# What are the physical upper bounds on the magnitude of an earthquake?

Given what we know about the physical mechanisms underlying earthquakes, what do the theoretical upper bounds on the magnitude of an earthquake look like? What physical phenomena impose those upper bounds?

Assume that we're talking about the "modern" Earth, i.e. from the past 4 billion years, after the Earth was fully formed. Also assume that only natural phenomena are involved - no nuclear weapons or Deep Children or anything of the sort.

If it makes a difference, I would like to know what the answer looks like in two cases:

• No impact events are involved - the earthquake is generated by purely terrestrial phenomena
• Arbitrarily large impact events are involved, provided that the Earth still looks "roughly the same" (defined however makes sense to you) after the impact

We have a trivial upper bound of moment magnitude ~25 for the former case, since the energy released by a magnitude-25 earthquake is roughly equal to the total mass-energy of the Earth1 - but I'm sure you folks know of tighter bounds than that. :)

(cf. the question Are Richter-magnitude 10 earthquakes possible? - but most of the answers there are from a statistical perspective, not a physical perspective.)

## Notes

1 As we know, the total mass-energy content of a system is given by

$$E = \sqrt{(mc^2)^2 + (pc)^2}$$

Since the Earth's motion (both translational and rotational) is non-relativistic, we discard the momentum term as negligible and simply write $E = m_\text{Earth}c^2$. Using $m_\text{Earth} = 6 \times 10^{24}\ \mathrm{kg}$, this gives us $E = 5 \times 10^{41}\ \mathrm{J}$. Converting this to a moment magnitude using

$$M = \frac{2}{3} \log_{10} \left(\frac{E}{1\ \mathrm{N} \cdot \mathrm{m}}\right) - 2.9$$

we get $\boxed{M \approx 25}$.

• Just to be clear, are you talking about Earth is it is currently, or Earth as it might theoretically exist? For example, are you attempting to understand the upper bounds of what a fault might be, or as they are currently? Also, please cite a source for the "total mass-energy of the Earth" claim. Thanks! – blunders May 14 '14 at 17:04
• @blunders Either way would work (as it is now, or as it could plausibly be at some point). I'll include the calculation for the mass-energy of the Earth in my post if you'd like, though I mostly mentioned that as a mild joke. – senshin May 14 '14 at 20:43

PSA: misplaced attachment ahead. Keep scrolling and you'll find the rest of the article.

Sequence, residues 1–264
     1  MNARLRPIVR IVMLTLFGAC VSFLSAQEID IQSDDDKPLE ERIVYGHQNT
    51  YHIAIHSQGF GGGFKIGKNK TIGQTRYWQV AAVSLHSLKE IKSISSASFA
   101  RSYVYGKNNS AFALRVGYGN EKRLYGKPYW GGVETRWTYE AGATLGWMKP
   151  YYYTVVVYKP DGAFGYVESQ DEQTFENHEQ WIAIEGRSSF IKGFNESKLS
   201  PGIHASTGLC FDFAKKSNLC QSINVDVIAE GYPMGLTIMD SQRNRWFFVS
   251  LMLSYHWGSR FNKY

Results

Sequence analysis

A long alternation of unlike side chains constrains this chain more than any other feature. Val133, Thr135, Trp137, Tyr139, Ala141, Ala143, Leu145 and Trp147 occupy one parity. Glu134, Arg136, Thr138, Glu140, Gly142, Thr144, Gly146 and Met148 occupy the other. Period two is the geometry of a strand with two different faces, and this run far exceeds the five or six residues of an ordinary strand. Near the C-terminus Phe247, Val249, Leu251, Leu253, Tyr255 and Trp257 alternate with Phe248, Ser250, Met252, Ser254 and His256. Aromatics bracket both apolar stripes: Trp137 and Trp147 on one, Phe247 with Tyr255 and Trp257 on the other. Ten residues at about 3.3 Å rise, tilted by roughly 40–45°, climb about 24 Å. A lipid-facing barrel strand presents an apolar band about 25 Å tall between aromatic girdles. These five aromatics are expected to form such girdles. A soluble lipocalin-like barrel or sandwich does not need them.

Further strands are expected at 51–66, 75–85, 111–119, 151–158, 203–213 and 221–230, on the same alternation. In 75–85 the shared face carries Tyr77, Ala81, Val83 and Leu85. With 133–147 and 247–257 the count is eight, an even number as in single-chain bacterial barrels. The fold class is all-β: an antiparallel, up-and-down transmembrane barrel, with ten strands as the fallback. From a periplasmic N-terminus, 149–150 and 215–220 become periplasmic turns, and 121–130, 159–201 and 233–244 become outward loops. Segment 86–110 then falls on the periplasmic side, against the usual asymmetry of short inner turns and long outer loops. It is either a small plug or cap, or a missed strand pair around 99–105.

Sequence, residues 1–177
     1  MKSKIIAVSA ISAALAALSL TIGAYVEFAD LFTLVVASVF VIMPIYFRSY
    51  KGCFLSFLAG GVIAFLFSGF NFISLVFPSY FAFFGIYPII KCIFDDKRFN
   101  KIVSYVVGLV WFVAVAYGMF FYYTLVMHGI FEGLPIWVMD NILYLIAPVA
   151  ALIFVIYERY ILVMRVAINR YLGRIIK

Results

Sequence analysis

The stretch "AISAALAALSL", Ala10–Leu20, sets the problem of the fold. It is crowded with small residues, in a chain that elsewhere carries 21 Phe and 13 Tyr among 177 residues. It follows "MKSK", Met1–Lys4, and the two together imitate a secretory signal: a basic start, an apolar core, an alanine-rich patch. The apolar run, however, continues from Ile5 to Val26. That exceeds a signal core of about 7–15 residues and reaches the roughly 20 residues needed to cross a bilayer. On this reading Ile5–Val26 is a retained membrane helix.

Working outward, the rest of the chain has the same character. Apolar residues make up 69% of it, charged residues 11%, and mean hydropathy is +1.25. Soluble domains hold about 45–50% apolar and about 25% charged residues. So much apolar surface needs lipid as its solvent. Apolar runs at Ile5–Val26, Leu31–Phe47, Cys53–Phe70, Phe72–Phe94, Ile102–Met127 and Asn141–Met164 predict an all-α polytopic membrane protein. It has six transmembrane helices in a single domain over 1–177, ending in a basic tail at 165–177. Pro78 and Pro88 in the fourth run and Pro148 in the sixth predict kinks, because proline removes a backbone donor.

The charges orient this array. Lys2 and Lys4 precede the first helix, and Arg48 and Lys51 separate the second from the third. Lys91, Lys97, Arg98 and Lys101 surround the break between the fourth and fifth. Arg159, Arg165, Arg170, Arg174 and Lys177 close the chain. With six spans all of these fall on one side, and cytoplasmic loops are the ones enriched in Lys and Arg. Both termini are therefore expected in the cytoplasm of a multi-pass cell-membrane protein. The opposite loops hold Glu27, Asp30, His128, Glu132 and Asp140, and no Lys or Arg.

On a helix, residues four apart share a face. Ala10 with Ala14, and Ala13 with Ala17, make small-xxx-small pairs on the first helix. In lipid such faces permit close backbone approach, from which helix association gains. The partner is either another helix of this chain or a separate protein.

• Single event earthquakes ? I'll try to find the paper, but I remember reading that large earthquakes, Alaska region, are offset by many many smaller earthquakes, and that's because of the nature of both fault size and fault clustering that large amounts of stress are not executed in one event. – Neo May 14 '14 at 21:34
• The world building stack exchange considered What would happen to the Moon if it was lowered onto the Earth? One answer included a magnitude 17 earthquake. – Jasper Jan 26 '19 at 3:13

Earthquakes involve slip on faults, most of which occur on plate boundaries.

Now the width of a fault is usually limited by the downdip limit of the brittle ductile transition. E.g., in case of vertical strike slip faults this limit is between 10-20 km. In subduction zones this limit can be larger as the fault/interface is inclined.

The theoretical length of the fault is limited by the length of the plate boundary. It is impossible to have a fault with a length greater than the circumference of earth.

The final variable is slip. Average slip, based on empirical relationships, doesn't exceed more than 5-15m (rocks can accumulate only so much strain). Though locally it is possible to have slip as high as 50m (e.g., in the case of the Tohoku earthquake.

So for a plate boundary fault which exactly splits the earths brittle upper crust into two halves (in a single earthquake) with an average slip of 15 m, assuming a modulus of rigidity of 30GPa (mean for upper crust) we have:

Moment = Fault_area x rigidity x slip


which for our hypothetical scenario is equal to

= ((2*pi*6371000)*20000)*(30e9)*(15)


or

3.6E23 Nm